Making Room for Transcendence: The art of acceptance and letting go

“Poof.” That’s what we call it in our home. My son learned to “poof” when he was five years old. I could see how he was worrying about things that he wished he had not done. I recognized the same in myself. So, I decided that after we talk through and allow our mistakes, as well as make our amends, we put our fingers up to our temples and count: “One, two, three, poof.” Then our jazz hands make it all go away.

We Matter: How to see as the divine sees

“Mama?” my six-year-old son asked, turning toward me. “Why don’t we just give him money to buy a house?” Solid reasoning, I thought, having just tiptoed across a browning lawn to a man who lay bundled in blankets. He was asleep on a large circular air vent in the shadows of one of the most prestigious universities in the nation. My son did not want to wake him. Neither did I.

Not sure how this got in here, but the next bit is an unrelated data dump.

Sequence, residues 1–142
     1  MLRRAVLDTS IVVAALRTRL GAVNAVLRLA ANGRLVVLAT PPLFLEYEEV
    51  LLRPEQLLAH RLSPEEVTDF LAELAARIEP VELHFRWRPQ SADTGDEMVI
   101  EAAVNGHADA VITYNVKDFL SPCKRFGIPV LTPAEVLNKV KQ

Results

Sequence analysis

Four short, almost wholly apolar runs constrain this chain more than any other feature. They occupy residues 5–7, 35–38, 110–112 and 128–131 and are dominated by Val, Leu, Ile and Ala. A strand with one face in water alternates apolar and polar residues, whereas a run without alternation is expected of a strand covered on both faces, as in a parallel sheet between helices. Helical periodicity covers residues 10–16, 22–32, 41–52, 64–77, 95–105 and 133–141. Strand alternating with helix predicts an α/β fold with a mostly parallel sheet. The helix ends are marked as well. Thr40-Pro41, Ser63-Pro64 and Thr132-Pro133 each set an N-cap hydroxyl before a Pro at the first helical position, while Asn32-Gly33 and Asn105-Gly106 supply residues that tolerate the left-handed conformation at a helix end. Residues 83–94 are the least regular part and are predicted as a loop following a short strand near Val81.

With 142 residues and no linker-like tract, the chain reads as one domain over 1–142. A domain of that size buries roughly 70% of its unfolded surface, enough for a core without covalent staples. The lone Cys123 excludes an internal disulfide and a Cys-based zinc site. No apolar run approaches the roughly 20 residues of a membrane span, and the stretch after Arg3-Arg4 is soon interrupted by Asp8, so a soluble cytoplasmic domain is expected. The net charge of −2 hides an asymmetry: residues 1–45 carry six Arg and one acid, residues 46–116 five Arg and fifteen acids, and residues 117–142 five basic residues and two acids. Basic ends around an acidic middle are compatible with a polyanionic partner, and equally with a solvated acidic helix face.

Here, Now: Any moment can be holy

I went to the willows today. And found God. I slipped the long, leafy tendrils in between my fingers. I’d set out for a short hike, hoping to take my mind off my worries before picking up my son, when a field of tall yellow wildflowers yielded to a cluster of willow trees on the bank of a wide pond. A nearby heron sunned itself in the still waters.

Grace Beyond Limits: And the power of our love

man walking alone on a long road

I drive past the same man in his drab olive coat. He’s standing on a thin slice of cement in the middle of the road near the entrance to the freeway. He’s a young man with a goatee. In the summer his dark wavy hair brushes against his shoulders. In the winter it’s hidden under his hat. His cardboard sign remains the same: Homeless. Need help. Thanks.

Limits of Our Imagination: Trusting that love will show up again

two hands holding each other

“It will show up,” is my standard line after something has gone missing in our home. My favorite baseball cap, my son’s action figure, my cell phone. Some things require a bit more intense intervention, like, well, my phone. But for others, I have learned to stop searching and trust that one day, without any effort at all, we will stumble upon the hidden treasure.